UNESCO’s YouthMobile programme allowed grassroots organizations in Africa Code Week 2019 and provide seminal training in coding and ICT skills to girls and boys across the African continent. 70% of participants being girls, the project aimed to increase the representation of women in Africa Code Week by offering specific training opportunities. Two leading members of organizations recipient of the grant, expand upon the emphasis of the project on gender equality.
“One of the issues is the lack of awareness. Girls do not know what coding is. They do know what the future will be like if they studied, say, medicine, but they do not know what the IT path would look like. The other problem that I have seen is the lack of confidence, that they see tech as a field for boys. We try to create a safe space for girls where they can experiment and be creative without being judged. What happened during Africa Code Week is remarkable, you see girls happy to teach boys what they have learned. Normally it is the other way around” tells Masresha Beniamin. The organization she founded, OmniTech, was one of the thirteen organizations that received the seed grant organized by the UNESCO YouthMobile Initiative within the framework of Africa Code Week.
Africa Code Week is the single biggest coding event worldwide. Initiated by SAP in 2015, the event aims to introduce to coding boys and girls across the African continent to enable them with the 21st century skills they need to navigate and prosper in the digital age. As Masresha Beniamin also says, “Coding is not just about learning a new programming language. It teaches kids problem-solving skills that are necessary in the 4th industrial revolution”. The exercise, taking place yearly in October, touches upon millions of young students. UNESCO is a longtime partner of the activity, which aligns with its programmes on creating inclusive knowledge societies and information and digital literacy.
For the first time, UNESCO YouthMobile supported directly local organizations in the implementation of activities which would reach out to thousands of girls. Two possible activities were supported: the training of girls and the training of trainers. Overall, the exercise provided valuable ICT skills to nearly 10,000 people, with more than 6200 girls, almost 3000 boys and an additional 674 trainers trained. The effectiveness of this specific activity relied upon the implementation capacity of passionate advocacy organizations, which were able to optimize the budget envelop of the grant: the overall investment per student was 2.5 USD. These results were only possible thanks to the network of UNESCO field offices, mobilized to ensure the quality of trainings, with eight UNESCO Field Offices participating.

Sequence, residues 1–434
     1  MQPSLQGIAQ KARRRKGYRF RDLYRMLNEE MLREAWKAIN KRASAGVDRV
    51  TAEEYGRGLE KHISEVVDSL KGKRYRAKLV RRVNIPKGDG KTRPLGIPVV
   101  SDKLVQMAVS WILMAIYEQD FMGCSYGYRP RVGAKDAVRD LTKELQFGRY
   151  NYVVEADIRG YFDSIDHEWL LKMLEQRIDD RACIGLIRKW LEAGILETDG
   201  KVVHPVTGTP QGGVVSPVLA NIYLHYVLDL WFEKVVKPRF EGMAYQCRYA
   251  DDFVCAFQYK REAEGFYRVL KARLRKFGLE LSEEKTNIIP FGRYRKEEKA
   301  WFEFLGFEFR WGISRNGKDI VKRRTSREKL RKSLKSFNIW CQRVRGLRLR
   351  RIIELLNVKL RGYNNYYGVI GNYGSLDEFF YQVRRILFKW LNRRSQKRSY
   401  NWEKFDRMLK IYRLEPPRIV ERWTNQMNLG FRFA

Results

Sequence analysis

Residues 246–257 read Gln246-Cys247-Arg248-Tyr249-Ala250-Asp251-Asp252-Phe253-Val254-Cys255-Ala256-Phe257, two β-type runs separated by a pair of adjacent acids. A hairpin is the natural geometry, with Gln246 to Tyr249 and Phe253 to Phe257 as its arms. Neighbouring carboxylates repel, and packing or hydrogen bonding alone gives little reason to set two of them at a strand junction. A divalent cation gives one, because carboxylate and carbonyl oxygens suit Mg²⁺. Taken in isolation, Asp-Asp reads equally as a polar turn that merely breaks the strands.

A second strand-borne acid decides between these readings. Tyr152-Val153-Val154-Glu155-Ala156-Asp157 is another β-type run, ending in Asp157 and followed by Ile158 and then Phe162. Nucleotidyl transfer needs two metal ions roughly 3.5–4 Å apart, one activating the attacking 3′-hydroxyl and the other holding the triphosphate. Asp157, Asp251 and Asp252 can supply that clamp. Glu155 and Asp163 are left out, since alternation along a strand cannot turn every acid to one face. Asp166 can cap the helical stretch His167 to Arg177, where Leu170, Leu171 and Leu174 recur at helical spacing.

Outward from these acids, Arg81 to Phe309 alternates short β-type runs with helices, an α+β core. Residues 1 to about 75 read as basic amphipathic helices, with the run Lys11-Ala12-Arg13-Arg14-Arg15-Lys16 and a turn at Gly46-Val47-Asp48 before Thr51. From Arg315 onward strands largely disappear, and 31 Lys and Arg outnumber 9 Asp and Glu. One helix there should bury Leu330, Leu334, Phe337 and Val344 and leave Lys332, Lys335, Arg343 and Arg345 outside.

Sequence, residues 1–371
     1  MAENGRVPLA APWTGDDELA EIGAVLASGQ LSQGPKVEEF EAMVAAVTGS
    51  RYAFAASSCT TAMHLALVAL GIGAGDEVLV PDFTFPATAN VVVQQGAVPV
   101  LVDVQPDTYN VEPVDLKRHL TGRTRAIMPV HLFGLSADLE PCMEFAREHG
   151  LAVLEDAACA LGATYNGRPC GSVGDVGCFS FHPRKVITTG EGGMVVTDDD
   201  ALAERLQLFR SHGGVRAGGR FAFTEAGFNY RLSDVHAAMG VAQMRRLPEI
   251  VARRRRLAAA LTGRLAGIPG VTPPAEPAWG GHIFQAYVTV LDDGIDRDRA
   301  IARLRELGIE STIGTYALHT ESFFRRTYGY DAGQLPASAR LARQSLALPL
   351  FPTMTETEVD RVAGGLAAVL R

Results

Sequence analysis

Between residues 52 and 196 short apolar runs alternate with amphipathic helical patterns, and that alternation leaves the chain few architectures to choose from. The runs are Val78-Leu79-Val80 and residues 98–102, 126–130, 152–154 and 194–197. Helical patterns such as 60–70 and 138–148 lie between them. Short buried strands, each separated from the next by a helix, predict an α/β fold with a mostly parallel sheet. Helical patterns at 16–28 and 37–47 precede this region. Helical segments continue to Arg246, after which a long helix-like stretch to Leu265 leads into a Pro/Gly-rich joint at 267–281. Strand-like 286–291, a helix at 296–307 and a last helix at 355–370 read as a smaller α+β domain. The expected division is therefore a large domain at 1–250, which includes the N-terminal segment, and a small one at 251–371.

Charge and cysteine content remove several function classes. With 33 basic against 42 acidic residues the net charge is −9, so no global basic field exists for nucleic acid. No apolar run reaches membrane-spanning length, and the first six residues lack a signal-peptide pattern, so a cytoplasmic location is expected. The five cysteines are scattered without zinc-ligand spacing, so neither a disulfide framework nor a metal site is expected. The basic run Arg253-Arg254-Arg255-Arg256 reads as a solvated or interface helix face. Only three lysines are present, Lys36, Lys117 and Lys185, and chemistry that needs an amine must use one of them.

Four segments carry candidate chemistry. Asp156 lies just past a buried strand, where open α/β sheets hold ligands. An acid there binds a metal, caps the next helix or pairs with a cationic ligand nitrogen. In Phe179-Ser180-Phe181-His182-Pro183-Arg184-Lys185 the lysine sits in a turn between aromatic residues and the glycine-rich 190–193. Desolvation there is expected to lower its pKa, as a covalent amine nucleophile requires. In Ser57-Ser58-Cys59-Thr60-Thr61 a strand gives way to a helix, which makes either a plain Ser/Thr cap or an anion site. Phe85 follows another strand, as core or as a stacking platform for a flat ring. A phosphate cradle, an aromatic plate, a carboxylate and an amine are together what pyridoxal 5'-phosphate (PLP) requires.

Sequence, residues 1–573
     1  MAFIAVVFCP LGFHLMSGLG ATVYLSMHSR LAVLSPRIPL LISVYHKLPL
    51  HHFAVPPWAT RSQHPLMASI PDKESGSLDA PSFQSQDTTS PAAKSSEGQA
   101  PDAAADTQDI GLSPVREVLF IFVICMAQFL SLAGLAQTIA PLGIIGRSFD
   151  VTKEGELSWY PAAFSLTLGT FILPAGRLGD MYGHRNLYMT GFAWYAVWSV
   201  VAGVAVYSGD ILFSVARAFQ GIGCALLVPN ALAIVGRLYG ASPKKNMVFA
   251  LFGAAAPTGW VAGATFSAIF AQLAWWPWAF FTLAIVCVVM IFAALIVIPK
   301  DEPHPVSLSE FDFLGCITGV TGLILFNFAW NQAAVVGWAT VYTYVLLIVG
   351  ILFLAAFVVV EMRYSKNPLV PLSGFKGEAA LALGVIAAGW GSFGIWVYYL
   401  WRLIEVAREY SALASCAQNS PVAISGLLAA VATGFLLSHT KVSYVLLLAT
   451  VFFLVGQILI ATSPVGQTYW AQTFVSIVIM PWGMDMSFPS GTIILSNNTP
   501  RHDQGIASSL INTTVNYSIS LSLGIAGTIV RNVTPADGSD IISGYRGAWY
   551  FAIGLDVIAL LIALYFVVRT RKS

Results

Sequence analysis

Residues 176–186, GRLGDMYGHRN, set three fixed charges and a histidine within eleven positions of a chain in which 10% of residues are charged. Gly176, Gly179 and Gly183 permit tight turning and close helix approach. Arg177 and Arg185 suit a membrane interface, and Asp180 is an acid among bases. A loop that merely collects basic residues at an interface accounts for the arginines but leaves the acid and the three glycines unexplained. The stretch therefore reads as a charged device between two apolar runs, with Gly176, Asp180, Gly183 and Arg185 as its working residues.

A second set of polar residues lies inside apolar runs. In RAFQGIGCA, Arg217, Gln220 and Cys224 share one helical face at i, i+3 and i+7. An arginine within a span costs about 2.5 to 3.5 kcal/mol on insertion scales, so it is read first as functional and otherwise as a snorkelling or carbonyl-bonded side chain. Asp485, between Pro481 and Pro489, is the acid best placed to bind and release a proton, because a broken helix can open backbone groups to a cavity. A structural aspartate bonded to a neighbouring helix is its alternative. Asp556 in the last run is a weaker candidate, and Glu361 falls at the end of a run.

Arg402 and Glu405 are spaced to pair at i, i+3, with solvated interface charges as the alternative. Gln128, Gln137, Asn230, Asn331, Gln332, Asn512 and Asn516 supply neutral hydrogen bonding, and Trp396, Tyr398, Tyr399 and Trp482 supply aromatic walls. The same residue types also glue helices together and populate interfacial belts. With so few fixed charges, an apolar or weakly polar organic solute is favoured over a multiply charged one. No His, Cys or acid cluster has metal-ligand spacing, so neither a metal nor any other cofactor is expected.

By directly empowering girls, UNESCO aims to redress the absence of women from the IT field in the continent. Several studies, including the UN-led EQUALS report, have well identified the unbalanced gender participation in the digital field and expanded upon the causes and effect of the gender digital divide. The EQUALS report also highlights that the African continent is the one with the lowest percentage of women employees in this field: only 18%. That echoes Masresha Beniamin’s concerns on the lack of information and understanding of girls with respect to the enabling power of digital tools.